2014 Theses Doctoral

# Limit Theory for Spatial Processes, Bootstrap Quantile Variance Estimators, and Efficiency Measures for Markov Chain Monte Carlo

This thesis contains three topics: (I) limit theory for spatial processes, (II) asymptotic results on the bootstrap quantile variance estimator for importance sampling, and (III) an efficiency measure of MCMC.

(I) First, central limit theorems are obtained for sums of observations from a $\kappa$-weakly dependent random field. In particular, it is considered that the observations are made from a random field at irregularly spaced and possibly random locations. The sums of these samples as well as sums of functions of pairs of the observations are objects of interest; the latter has applications in covariance estimation, composite likelihood estimation, etc. Moreover, examples of $\kappa$-weakly dependent random fields are explored and a method for the evaluation of $\kappa$-coefficients is presented.

Next, statistical inference is considered for the stochastic heteroscedastic processes (SHP) which generalize the stochastic volatility time series model to space. A composite likelihood approach is adopted for parameter estimation, where the composite likelihood function is formed by a weighted sum of pairwise log-likelihood functions. In addition, the observations sites are assumed to distributed according to a spatial point process. Sufficient conditions are provided for the maximum composite likelihood estimator to be consistent and asymptotically normal.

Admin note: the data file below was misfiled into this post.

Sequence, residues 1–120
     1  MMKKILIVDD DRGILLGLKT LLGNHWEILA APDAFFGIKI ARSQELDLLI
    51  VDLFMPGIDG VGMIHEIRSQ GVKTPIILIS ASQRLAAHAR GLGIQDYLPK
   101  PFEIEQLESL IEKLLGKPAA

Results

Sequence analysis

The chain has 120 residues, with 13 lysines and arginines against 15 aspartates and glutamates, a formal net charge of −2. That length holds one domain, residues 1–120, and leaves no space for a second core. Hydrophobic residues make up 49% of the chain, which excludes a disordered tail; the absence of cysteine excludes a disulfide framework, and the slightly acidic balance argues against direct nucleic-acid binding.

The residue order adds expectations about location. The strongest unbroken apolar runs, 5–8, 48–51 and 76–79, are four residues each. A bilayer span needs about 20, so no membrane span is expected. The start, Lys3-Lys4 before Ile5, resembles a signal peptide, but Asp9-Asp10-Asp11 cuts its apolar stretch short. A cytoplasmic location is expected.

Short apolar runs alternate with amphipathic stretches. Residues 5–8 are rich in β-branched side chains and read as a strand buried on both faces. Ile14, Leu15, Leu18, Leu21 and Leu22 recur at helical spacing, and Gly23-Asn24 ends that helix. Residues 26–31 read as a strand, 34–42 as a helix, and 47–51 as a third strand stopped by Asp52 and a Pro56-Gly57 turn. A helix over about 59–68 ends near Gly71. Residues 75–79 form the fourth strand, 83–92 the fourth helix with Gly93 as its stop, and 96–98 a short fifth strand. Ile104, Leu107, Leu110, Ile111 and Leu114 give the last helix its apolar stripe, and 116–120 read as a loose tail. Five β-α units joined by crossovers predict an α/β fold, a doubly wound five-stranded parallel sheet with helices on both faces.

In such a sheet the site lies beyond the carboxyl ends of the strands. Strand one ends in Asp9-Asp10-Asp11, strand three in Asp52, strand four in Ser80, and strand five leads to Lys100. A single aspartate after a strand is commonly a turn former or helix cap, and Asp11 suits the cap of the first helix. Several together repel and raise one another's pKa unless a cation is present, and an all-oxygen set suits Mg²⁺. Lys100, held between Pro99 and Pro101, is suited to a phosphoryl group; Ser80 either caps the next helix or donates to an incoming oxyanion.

(II) It is often difficult to provide an accurate estimation for the variance of the weighted sample quantile. Its asymptotic approximation requires the value of the density function which may be hard to evaluate in complex systems. To circumvent this problem, the bootstrap estimator is considered. Theoretical results are established for the exact convergence rate and asymptotic distributions of the bootstrap variance estimators for quantiles of weighted empirical distributions. Under regularity conditions, it is shown that the bootstrap variance estimator is asymptotically normal and has relative standard deviation of order O(n^-1/4)

(III) A new performance measure is proposed to evaluate the efficiency of Markov chain Monte Carlo (MCMC) algorithms. More precisely, the large deviations rate of the probability that the Monte Carlo estimator deviates from the true by a certain distance is used as a measure of efficiency of a particular MCMC algorithm. Numerical methods are proposed for the computation of the rate function based on samples of the renewal cycles of the Markov chain. Furthermore the efficiency measure is applied to an array of MCMC schemes to determine their optimal tuning parameters.

## Subjects

## Files

- Yang_columbia_0054D_12269.pdf application/pdf 1.27 MB Download File

## More About This Work

- Academic Units
- Statistics
- Thesis Advisors
- Liu, Jingchen
- Degree
- Ph.D., Columbia University
- Published Here
- August 7, 2014